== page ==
The experience of samadhi


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The experience of samadhi

  1. 1. The Experience of Samadhi
  2. 2. THE EXPERIENCE O F SAMADHI An In-depth Exploration of Buddhist Meditation Richard Shankman SHAMBHALA Boston & London 2008
  3. 3. Shambhala Publications, Inc. Horticultural Hall 3 00 Massachusetts Avenue Boston, Massachusetts 02II 5 © 2008 by Richard Shankman Pages 21 9 -20 constitute a continuation of the copyright page. All rights reserved. No part of this book may be reproduced in any form or by any means, electronic or mechanical, including photocopying, recording, or"by any information storage and retrieval system, without permission in writing from the publisher. 9 8 7 6 5 4 3 2 I First Edition Printed in Canada i§ This edition is printed on acid-free paper that meets the American National Standards Institute Z 3 9 .4 8 Standard. o This book was printed on 100% postconsumer recycled paper. For more information please visit us at Distributed in the United States by Random House, Inc., and in Canada by Random House of Canada Ltd Interior design and composition: Greta D. Sibley & Associates Library of Congress Cataloging-in-Publication Data Shankman, Richard. The experience of samadhi: an in-depth exploration of Buddhist meditation / Richard Shankman.-1st ed. p. o cm. Includes bibliographical references and index. ISBN 9 7 8 - 1 -59 03 0- 5 21 -8 (pbk.: alk. paper) 1. Samadhi. 2. Buddhist literature, Pali-History and criticism. 3 . Buddhists-Interviews. 1. Title. BQ 5 6 3 0.S1 6s43 2008 2 94· 3 '443 5 Den 200801 7 61 3
  4. 4. CONT ENTS Preface 1 ix Acknowledgments 1 xii Introduction 1 xiii PART ONE SAMADHI IN THE pAll TEXTS I. Samadhi in the Pali Suttas 1 3 The Importance and Place ofSamadhi in BuddhistMeditation 16 Warnings on the Dangers andMisuse ofSamddhi 17 Developing Concentration 1 IO Right Samddhi 1 14 Samddhi in Important Buddhist Lists and Discourses 1 17 2. ]hana in the Pali Suttas 132 The Firstjhdna 136 The Secondjhdna 143 An Alternate Schemefor the First Twojhdnas 146 The Third jhdna 146 The Fourthjhdna 148 Beyond the Four jhdnas; Three Divergent Paths ofDevelopment 149
  5. 5. Contents 3. Samadhi in the Visuddhimaggal53 Tranquillity and Insight: Two Paths ojMeditation Practice 155 Three Levels ojConcentration 156 Three Signs of Concentration 157 Developing Samadhi I 59 Meditation Subjects to Develop Samadhi 160 ]hana in the Visuddhimagga 162 The Eight Attainments 167 4· Controversies Surrounding Samadhi 1 77 What is]hana? 179 Are Samadhi and Insight Two Distinct Paths ojPractice or One? 183 Is]hana Necessaryfor the Deepest Stages oj Insight? 190 From the Suttas to the Visuddhimagga I 97 Conclusion I IOI PART TWO INTERVIEWS WITH CONTEMPORARY MEDITATION TEACHERS Jack Kornfield I 107 Ajaan Thanissaro I II7 Sharon Salzberg 1130 Bhante Gunaratana I 136 Christina Feldman I 146 Leigh Brasington I 156 Ajahn BrahmavaJTlso I 166 Pa Auk Sayadaw vi I 174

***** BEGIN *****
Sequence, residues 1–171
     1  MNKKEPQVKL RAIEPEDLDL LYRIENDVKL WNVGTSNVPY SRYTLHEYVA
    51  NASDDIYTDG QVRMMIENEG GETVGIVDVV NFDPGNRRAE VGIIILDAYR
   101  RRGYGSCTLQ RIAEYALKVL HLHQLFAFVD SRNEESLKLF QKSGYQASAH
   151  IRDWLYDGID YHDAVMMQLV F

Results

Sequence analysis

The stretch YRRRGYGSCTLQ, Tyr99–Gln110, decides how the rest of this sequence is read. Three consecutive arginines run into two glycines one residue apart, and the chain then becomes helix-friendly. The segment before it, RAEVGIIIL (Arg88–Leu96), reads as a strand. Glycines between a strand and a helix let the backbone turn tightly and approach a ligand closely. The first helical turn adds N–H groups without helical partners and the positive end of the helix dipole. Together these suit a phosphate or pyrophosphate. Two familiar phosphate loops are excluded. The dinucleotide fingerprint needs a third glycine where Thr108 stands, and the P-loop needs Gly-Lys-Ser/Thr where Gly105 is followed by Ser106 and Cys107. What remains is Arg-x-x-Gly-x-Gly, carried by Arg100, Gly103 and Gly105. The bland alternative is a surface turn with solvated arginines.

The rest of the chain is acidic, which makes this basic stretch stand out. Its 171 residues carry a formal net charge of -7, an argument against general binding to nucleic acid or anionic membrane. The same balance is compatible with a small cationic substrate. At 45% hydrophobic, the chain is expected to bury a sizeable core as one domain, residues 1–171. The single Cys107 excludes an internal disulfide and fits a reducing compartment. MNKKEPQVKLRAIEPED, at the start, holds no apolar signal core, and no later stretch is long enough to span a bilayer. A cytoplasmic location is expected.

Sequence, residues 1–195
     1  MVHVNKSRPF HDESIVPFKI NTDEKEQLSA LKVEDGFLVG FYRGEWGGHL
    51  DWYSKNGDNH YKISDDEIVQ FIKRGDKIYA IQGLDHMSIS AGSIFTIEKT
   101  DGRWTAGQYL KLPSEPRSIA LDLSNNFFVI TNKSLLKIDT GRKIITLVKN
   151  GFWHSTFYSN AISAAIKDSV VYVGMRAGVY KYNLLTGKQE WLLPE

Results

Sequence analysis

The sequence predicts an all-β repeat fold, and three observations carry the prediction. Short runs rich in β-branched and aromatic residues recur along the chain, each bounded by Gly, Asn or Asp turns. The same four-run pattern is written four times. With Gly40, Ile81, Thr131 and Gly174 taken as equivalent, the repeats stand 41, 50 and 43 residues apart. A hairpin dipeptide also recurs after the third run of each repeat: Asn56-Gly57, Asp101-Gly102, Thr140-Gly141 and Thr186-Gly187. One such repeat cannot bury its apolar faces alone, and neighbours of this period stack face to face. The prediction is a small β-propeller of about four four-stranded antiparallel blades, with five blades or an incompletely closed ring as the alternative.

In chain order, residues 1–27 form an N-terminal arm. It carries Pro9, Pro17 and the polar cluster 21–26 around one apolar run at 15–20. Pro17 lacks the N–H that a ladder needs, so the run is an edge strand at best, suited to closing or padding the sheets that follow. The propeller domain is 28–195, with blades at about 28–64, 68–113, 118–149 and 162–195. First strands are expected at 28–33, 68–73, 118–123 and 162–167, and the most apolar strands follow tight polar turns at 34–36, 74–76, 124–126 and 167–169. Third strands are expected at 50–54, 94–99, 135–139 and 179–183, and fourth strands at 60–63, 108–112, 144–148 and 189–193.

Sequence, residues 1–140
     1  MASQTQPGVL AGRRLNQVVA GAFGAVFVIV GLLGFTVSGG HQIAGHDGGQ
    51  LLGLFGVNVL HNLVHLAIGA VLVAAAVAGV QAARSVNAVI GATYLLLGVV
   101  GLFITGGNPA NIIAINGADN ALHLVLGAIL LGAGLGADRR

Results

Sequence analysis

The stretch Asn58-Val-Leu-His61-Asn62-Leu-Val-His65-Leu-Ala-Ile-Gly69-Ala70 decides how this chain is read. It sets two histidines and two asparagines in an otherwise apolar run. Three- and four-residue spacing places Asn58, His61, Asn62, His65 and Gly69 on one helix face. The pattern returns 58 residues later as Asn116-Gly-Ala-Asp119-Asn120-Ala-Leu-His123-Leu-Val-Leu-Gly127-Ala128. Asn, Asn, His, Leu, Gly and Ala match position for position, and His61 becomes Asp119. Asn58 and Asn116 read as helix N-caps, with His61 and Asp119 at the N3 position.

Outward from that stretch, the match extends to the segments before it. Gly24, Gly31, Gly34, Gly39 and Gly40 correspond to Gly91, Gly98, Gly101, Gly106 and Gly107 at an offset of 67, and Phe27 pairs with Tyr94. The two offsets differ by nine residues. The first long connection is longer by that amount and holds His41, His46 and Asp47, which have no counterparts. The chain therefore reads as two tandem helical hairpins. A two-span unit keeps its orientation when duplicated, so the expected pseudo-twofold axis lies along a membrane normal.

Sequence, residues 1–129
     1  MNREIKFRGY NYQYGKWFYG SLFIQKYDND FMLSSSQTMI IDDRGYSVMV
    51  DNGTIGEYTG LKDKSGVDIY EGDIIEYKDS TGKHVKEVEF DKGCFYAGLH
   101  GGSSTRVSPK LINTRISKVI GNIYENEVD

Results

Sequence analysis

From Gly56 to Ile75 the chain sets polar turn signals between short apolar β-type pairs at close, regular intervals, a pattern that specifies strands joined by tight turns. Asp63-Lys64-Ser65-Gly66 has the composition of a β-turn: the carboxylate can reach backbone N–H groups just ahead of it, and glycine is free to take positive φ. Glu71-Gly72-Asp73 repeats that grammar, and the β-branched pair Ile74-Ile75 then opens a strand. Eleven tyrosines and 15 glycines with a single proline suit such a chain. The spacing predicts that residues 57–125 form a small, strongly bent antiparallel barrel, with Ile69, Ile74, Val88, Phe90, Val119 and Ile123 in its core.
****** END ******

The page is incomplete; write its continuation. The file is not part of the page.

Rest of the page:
6. 6. Contents APPENDIX I Does It Matter Where You Watch the Breath? 1183 APPENDIX 2 The Four Stages of Enlightenment 1187 APPENDIX 3 Organization of the Pili Canon 1189 APPENDIX 4 Samatha Meditation Practices of the Visuddhimagga 1191 Notes 1207 Glossary 1215 Sources for the Pili Texts 1219 Credits 1221 Index 1223 vii
  7. 7. PREFACE THE I D EA AND M O T IVAT I O N F O R WRITING TH I S B O O K HAS EVO LVED ever since first beginning meditation in 1970. Since then I have been for­ tunate to have studied and practiced with a number of teachers, each of them offering their own understanding and perspective of the Dharma and ofmeditation practice. Dharma practice comprises a wide range ofwise instructions and skillful means, and each teacher will offer guidance based on his or her own understanding and experience. The resulting diversity of approaches to conveying the core teachings and the meditative path can be confusing, and there seemed a need to try to unravel the mix of conflicting views and styles of meditation. Much of what is written and taught by contemporary meditation teachers is heavily influenced by the Pali commentaries, which represent the understanding and interpretation of the Pali suttas that existed some­ time around the first century C.E. The commentaries evolved in the early centuries after the Buddha's passing and may not necessarily reflect how the teachings were understood in the early years. This is an area of great disagreement and debate. Samadhi holds an important place in many Buddhist traditions. In order to understand the range ofviews and opinions on the subject, which exist even within individual Buddhist traditions, one currently has to study many sources, including the Pali suttas and other foundational sources such as the Visuddhimagga, an extremely influential treatise written in the com­ mentarial tradition. This book differs from most books on samadhi in that it is not present­ ing teachings from only one teacher or perspective. Rather, the intent is to provide an in-depth, broad, and thorough examination of various foun­ dation al texts, interpretations of the texts, and teachings on samadhi, and ix